12 July 1962: The Rolling Stones perform for the first time at London‘s Marquee Club. (Source)

The Rolling Stones at Marcus Amphitheater in Milwaukee, USA, performing at Summerfest festival on June 23, 2015 – photo by Jim Pietryga (Source)

The Rolling Stones are an English rock band formed in London in 1962. Diverging from the pop rock of the early-1960s, the Rolling Stones pioneered the gritty, heavier-driven sound that came to define hard rock.[1] Their first stable line-up was vocalist Mick Jagger, multi-instrumentalist Brian Jones, guitarist Keith Richards, drummer Charlie Watts, and bassist Bill Wyman. During their formative years Brian Jones was the primary leader: he put the band together, named it, and drove the sound and look of the band. After Andrew Loog Oldham became the group’s manager in 1963, he encouraged them to write their own songs. Jagger and Richards became the primary creative force behind the band, alienating Jones, who developed a drug addiction that interfered with his ability to meaningfully contribute. He left the band shortly before his death in 1969, having been replaced by guitarist Mick Taylor, who in turn left in 1974 to be replaced by Ronnie Wood. Since Wyman’s departure in 1993, the band has continued with a four-piece core, with Darryl Jones playing bass on tour and on most studio recordings.

Rooted in blues and early rock and roll, the Rolling Stones started out playing covers and were at the forefront of the British Invasion in 1964, also being identified with the youthful and rebellious counterculture of the 1960s. They then found greater success with their own material as “(I Can’t Get No) Satisfaction“, “Get Off of My Cloud” and “Paint It Black” became No. 1 hits in the UK, North America, Australia and Europe. Aftermath (1966) – their first entirely original album – is considered the most important of their formative records.[2] In 1967, they had the double-sided hit “Ruby Tuesday“/”Let’s Spend the Night Together” and then experimented with psychedelic rock on Their Satanic Majesties Request. They went back to their roots with such hits as “Jumpin’ Jack Flash” (1968) and “Honky Tonk Women” (1969), and albums such as Beggars Banquet (1968), featuring “Sympathy for the Devil“, and Let It Bleed (1969), featuring “You Can’t Always Get What You Want” and “Gimme Shelter“. Let It Bleed was the first of five straight No. 1 albums in the UK. In 1969, they were first introduced on stage as ‘The Greatest Rock and Roll Band in the World’.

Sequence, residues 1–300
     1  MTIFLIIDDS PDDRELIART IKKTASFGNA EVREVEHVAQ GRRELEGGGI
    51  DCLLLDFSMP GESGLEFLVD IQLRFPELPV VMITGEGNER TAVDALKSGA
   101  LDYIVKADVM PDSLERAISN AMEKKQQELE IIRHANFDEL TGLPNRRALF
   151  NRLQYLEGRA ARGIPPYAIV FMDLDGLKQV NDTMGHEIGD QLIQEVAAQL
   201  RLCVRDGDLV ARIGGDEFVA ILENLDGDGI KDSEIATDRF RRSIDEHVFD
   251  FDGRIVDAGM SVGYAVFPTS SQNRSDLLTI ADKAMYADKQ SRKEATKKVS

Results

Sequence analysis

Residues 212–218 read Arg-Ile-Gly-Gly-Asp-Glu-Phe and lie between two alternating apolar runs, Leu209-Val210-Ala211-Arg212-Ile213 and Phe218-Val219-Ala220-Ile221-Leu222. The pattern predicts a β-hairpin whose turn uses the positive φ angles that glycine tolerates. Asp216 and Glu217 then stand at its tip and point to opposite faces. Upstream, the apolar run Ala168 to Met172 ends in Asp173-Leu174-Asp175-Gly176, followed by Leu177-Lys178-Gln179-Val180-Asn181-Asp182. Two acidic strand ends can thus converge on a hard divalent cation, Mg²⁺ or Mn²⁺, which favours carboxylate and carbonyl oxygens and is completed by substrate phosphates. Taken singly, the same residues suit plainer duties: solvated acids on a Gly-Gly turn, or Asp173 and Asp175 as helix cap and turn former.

Sticky Fingers (1971), which yielded “Brown Sugar“, was the first of eight consecutive No. 1 studio albums in the US for the Rolling Stones. Exile on Main St. (1972), featuring “Tumbling Dice“, and Goats Head Soup (1973), yielding the hit ballad “Angie“, were also best sellers. They released successful albums until the early 1980s, including their two largest sellers: Some Girls (1978), featuring the disco-tinged “Miss You“; and Tattoo You (1981), featuring the hit rocker “Start Me Up“. They then kept a low profile until 1989 when they released Steel Wheels, featuring “Mixed Emotions“, which was followed by Voodoo Lounge (1994), a worldwide number one album that yielded the popular “Love Is Strong“. Both albums were promoted by large stadium and arena tours as the Stones continue to be a huge concert attraction; by 2007 they had four of the top five highest-grossing concert tours of all time. Their latest album, Blue & Lonesome (2016), became their twelfth UK number-one album. Their No Filter Tour ran for two years concluding in August 2019. They have released 30 studio albums, 23 live albums, and numerous compilations.

The Rolling Stones’ estimated record sales of 240 million makes them one of the best-selling music artists of all time. The band has won three Grammy Awards and a Grammy Lifetime Achievement Award. They were inducted into the Rock and Roll Hall of Fame in 1989 and the UK Music Hall of Fame in 2004. In 2008, the Rolling Stones were listed 10th on the Billboard Hot 100 All-Time Top Artists chart, and in 2019 Billboard magazine ranked them second in their list of the “Greatest Artists of All Time” based on US chart success.[3] They are ranked fourth on Rolling Stone’s list of the Greatest Artists of All Time.[4] (Source)

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